It is an interesting moment when the photojournalist refers to Kurtz as “a poet warrior.”  There is at no point any original poetry coming from Kurtz.  He is merely repeating the lines of others. Using his interpretation of the lines in what he probably feels is a creative, purposeful way to increase some sort of consciousness, but because Kurtz’s actions have become destructive his recitation of poetry has no hope of adding anything creative to the world around him.

There is much of this utilization of euphemistic language as an act of minimization in the military as well.  Such as violent premeditations being called “a mission,” “an offensive,” or the way the order of Kurtz’s murder is called “termination of his command.”  Kurtz himself plays with this euphemistic minimization when he asks Willard if he is an assassin and then states, “You’re an errand boy sent by grocery clerks to collect a bill.”  What they are talking about is ending Kurtz’s life which has come to have no meaning to the military since he has gone rogue.  We learn Kurtz no longer sees meaning in his own life because of the terrible horror he has witnessed.

What it seems Kurtz is grasping for is a return to a sense of pride.  To be able to follow orders bravely and with a clear head.  He lost that ability along the way and begins to see judgment as an enemy.  He tells Willard about inoculating the children only for them to have their arms chopped off and states, with reverence for the cadres who did it, “You have to have men who are moral and who at the same time are able to utilize their primordial instincts to kill without feelings, without passion, without judgment…without judgment.  Because it’s judgment that defeats us.”  The judgment it seems Kurtz is talking about is a sense of personal morality, which one must surrender, at least partially, as a soldier. Having a moral judgment about an order to commit a heinous crime creates a mental schism that is hard to contend with.  When an element of free will is taken from an individual, it is easier for a destructive force to ensue.  In order to kill, one must detach from his or her emotions since it is emotion that is often the first cue.  We know we are doing something wrong because it just does not feel right.  It seems Kurtz has made an attempt to detach but was not quite able to.  He acted aggressively towards others, felt the full force of his emotions and was just not able to take it.  He resigned to being killed by Willard so that his pain could cease.  So that he could stop reliving the horror of his own memories.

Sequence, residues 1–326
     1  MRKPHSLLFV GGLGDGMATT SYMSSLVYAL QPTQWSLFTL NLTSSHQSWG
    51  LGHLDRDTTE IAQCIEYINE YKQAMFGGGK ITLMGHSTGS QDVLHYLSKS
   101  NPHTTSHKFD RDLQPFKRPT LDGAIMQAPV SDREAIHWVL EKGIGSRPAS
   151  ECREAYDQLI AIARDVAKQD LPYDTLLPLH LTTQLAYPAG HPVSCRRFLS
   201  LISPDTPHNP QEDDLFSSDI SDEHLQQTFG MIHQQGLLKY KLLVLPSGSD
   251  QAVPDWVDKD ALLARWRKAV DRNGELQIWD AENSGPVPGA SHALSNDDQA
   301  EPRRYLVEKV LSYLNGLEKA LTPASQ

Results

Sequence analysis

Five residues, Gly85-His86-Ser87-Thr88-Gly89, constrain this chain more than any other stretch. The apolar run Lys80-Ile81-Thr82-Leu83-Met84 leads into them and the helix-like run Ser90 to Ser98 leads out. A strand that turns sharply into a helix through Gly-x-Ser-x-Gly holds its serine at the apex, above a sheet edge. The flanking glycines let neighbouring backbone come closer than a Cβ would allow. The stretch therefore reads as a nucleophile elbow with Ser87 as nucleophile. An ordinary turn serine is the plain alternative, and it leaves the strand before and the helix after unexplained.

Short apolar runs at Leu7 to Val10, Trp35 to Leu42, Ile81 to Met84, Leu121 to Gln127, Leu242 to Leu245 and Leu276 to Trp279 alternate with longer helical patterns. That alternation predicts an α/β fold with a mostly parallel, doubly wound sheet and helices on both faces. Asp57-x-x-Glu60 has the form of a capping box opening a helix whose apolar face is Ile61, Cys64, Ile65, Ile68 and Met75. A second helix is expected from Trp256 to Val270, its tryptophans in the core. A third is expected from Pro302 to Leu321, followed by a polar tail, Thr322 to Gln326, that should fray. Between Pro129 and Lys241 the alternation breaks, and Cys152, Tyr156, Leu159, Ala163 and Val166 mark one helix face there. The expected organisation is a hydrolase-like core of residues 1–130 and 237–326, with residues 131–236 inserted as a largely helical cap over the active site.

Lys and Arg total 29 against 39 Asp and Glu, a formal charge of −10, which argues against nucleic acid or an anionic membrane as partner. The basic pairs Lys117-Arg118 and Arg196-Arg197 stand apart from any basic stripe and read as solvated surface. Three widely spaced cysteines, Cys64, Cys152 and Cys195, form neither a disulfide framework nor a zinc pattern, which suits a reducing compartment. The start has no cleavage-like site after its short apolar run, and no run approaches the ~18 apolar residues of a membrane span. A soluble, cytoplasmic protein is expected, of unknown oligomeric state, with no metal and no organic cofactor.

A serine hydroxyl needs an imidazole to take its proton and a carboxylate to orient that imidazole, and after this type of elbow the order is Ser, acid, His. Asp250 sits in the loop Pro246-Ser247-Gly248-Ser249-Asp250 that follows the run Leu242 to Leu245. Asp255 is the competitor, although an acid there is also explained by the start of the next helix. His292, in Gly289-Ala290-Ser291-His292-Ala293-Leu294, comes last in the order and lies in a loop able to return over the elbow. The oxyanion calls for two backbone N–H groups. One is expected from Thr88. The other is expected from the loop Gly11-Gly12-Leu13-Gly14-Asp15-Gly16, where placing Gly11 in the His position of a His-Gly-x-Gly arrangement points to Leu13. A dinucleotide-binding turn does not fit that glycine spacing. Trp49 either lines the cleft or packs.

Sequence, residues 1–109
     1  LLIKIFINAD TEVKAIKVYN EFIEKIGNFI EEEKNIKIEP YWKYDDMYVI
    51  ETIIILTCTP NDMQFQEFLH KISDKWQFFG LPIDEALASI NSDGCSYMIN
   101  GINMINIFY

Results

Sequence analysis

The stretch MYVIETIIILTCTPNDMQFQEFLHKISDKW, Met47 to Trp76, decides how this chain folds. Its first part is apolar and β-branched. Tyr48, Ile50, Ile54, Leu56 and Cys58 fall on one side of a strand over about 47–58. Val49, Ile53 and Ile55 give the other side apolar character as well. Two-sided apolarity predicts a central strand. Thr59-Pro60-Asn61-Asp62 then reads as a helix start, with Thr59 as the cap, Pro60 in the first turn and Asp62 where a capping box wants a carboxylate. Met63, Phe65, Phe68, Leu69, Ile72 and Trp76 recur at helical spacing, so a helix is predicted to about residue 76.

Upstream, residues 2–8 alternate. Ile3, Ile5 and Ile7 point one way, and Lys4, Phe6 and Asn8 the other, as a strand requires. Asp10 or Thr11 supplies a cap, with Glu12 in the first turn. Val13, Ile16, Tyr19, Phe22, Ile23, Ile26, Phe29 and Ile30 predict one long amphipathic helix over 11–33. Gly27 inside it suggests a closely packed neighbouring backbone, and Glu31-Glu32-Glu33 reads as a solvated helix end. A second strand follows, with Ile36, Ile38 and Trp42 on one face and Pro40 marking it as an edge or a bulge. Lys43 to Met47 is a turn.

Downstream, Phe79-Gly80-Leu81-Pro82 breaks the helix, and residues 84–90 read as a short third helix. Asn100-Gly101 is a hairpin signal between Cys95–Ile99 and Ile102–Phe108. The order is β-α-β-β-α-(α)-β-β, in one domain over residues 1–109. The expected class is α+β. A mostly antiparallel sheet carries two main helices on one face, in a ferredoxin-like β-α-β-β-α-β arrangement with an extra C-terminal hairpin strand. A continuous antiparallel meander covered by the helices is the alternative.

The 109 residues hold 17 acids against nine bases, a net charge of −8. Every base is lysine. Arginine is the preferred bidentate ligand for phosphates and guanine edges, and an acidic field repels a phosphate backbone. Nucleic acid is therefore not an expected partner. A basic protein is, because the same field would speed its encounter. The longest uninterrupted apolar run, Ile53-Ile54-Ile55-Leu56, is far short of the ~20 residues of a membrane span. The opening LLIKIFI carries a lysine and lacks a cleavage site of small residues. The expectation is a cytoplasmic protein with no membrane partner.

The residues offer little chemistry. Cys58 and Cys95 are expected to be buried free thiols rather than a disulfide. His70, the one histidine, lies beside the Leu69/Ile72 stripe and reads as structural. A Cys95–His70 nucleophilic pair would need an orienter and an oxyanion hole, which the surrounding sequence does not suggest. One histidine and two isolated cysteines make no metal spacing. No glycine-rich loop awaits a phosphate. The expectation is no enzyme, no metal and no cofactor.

Apocalypse Now shows how the atrocities and injustices of war can turn a decorated Colonel into a fragmented man.  It is a frightening, disheartening portrayal, in part, because of the very real nature of it.  This fragmentation happens to men and women in war.  And even those among us who are not, and will not be, soldiers can relate because we each have been in situations where our morals come into question.  Where we must think about what we believe and why we believe what we do.  This can leave us feeling ungrounded if a clear answer does not surface.  In war, these situations occur frequently and ferociously.  As was so brilliantly and succinctly stated by General William Tecumseh Sherman in 1879, “War is hell.”

Danielle Cole is a Philadelphia-based occasional philosopher who practices psychotherapy in the suburbs. She loves films of all kinds, especially those with protracted scenes of everyday life and any art that has a personal vision.

TLB recommends you visit for more great articles and pertinent information.

See original article here:


Be the first to comment

Leave a Reply

Your email address will not be published.